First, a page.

Tony the Tiger finally wins 50-year battle against Ricicles

TONY the Tiger has roared in triumph after finally defeating rival sugar-frosted cereal Ricicles after more than 50 years. 

The Frosties mascot first swore a vendetta against Ricicles in the 1960s and, five decades later, has seen them removed from sale.

Tony said: “They were never worthy to share a shelf with the king of cereals. Let alone a Variety Pack.

“But, never popular, they clung to life for far longer than anyone could have thought possible. Always my inferior, trying desperate fads like marshmallows, never loved but still somehow there.

“I vanquished mascot after mascot. Noddy, originally. My own ‘brother’ Tony Jr, in the 1980s, twisted lie that he was. And finally Captain Rik the astronaut, last to feel the kiss of my claws.

“Now, Ricicles are no more. They will not be missed. No social media campaign will be launched to bring them back. Even the stoned will not mourn them.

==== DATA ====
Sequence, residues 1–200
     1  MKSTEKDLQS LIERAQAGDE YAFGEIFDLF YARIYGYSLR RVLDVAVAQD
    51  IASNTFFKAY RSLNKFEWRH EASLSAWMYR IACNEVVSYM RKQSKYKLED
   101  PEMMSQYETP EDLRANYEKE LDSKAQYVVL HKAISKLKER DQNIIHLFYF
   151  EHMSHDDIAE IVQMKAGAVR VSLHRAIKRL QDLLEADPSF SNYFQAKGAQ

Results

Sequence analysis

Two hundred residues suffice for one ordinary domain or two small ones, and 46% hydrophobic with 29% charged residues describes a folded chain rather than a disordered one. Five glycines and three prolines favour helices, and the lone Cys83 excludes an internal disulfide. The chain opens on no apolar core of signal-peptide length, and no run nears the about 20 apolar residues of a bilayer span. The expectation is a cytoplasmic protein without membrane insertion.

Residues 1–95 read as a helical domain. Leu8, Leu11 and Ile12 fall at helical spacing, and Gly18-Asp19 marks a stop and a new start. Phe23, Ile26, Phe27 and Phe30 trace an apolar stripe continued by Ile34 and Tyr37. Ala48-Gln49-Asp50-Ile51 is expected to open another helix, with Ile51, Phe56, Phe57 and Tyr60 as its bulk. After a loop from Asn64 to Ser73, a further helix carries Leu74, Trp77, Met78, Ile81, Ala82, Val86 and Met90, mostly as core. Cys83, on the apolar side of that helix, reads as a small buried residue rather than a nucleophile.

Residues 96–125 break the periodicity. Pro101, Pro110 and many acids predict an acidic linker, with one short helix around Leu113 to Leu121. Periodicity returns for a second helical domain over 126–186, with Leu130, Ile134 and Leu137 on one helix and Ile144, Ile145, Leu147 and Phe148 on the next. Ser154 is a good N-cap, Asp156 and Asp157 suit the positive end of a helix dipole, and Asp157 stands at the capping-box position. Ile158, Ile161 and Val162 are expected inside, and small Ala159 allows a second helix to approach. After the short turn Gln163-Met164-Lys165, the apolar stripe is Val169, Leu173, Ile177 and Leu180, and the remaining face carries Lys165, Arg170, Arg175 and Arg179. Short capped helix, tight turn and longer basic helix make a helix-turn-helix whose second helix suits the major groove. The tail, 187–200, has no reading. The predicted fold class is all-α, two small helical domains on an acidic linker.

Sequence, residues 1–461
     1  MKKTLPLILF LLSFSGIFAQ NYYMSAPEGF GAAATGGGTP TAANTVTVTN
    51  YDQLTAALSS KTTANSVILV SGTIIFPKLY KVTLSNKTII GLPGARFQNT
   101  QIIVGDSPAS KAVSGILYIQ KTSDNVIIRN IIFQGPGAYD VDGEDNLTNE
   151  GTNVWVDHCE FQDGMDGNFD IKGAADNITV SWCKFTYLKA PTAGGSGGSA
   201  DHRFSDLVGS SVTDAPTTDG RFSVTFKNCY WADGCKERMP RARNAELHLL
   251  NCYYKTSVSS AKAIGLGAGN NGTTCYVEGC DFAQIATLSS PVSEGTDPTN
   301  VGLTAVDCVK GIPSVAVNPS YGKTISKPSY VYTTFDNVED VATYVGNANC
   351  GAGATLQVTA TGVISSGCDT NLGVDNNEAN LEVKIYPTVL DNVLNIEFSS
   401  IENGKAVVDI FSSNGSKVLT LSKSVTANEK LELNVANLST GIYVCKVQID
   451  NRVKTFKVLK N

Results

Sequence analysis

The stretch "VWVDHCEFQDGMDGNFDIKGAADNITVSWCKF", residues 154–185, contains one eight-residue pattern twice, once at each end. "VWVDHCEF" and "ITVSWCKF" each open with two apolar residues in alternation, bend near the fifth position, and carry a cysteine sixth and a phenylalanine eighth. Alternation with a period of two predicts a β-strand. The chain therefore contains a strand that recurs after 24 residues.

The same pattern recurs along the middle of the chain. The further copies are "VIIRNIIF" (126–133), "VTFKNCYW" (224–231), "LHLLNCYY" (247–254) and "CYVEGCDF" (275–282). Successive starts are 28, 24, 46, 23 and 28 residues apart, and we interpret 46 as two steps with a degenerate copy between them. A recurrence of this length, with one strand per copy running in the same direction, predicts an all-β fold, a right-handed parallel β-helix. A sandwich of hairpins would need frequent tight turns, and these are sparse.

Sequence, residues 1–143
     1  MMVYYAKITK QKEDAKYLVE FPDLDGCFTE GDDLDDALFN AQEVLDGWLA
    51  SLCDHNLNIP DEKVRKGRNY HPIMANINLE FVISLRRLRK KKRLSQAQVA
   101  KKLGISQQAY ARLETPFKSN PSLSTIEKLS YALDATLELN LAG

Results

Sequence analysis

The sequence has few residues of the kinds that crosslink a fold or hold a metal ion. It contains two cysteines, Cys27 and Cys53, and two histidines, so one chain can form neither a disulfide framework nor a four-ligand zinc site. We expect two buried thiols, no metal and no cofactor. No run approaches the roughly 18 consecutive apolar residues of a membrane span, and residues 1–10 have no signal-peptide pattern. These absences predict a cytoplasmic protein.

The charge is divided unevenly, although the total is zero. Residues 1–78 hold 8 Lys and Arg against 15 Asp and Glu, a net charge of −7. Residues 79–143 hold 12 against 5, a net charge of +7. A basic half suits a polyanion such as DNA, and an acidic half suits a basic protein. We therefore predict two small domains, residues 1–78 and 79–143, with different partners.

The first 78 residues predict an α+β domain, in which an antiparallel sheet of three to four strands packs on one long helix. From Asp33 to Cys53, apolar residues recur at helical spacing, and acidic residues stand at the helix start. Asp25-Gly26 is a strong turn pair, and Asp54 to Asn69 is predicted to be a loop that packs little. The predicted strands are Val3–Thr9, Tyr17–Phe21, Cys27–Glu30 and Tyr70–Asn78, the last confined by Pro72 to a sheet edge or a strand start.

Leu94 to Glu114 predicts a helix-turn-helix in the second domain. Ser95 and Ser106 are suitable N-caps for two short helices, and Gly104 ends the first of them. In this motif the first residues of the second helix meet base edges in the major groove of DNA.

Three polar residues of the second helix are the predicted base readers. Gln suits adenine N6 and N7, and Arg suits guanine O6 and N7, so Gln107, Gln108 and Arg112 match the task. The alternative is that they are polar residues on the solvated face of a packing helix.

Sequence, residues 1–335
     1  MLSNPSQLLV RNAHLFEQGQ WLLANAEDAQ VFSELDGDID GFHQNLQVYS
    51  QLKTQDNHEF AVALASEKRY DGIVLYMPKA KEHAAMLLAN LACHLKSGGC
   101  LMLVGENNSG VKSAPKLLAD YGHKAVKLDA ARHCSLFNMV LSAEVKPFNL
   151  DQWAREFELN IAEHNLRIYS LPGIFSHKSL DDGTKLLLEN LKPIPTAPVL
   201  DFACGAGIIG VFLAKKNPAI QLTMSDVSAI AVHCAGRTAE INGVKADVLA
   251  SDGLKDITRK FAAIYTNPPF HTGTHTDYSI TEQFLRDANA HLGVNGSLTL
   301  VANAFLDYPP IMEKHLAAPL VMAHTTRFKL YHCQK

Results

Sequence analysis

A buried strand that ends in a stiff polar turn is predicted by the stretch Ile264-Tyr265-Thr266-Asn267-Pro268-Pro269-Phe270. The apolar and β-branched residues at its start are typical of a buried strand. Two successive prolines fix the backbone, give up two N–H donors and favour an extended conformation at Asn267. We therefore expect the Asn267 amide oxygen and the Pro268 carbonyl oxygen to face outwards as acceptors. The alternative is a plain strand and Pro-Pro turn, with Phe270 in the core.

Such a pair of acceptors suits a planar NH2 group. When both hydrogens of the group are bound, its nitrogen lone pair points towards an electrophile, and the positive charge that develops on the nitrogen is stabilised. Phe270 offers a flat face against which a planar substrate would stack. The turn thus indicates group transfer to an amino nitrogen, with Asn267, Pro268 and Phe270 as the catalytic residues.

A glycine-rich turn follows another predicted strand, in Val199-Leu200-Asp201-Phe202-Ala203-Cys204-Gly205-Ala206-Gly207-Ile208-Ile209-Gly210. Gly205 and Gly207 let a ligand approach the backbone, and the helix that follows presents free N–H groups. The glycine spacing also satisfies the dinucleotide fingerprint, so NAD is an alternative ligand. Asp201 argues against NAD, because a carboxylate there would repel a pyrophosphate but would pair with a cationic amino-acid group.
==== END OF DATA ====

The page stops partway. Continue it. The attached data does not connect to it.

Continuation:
“What now? Coco the Monkey, and his jungle army? Perhaps. Predators such as I do not rest. They only kill.”

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92 per cent of English people think all Scottish people know each other

ALL Scottish people are either related or went to school together, according to the vast majority of English people.

A survey for the Joseph Rowntree Institute found that when confronted with a new Scottish person most English people will automatically ask if they know the last Scottish person they met.

Institute spokesman Wayne Hayes, said: “A typical scenario will be at a middle class party when a Scottish person is introduced.

“Within moments he or she will be asked if they know ‘wee Tommy from the glen, used to take us fishing, lovely chap, quite a temper, four foot six, smelled of pee, you must know him’.”

According to the survey, nine out of 10 English people will assume that the Scottish person knows Sean Connery, Lulu and Kenny Dalglish.

Hayes added: “Another typical comment would be, ‘you sound just like Alan Hansen, I suppose you must have been in jail together at some point’.”

Scotsman Bill McKay said: “Like virtually everyone else in Scotland, I only know five people.”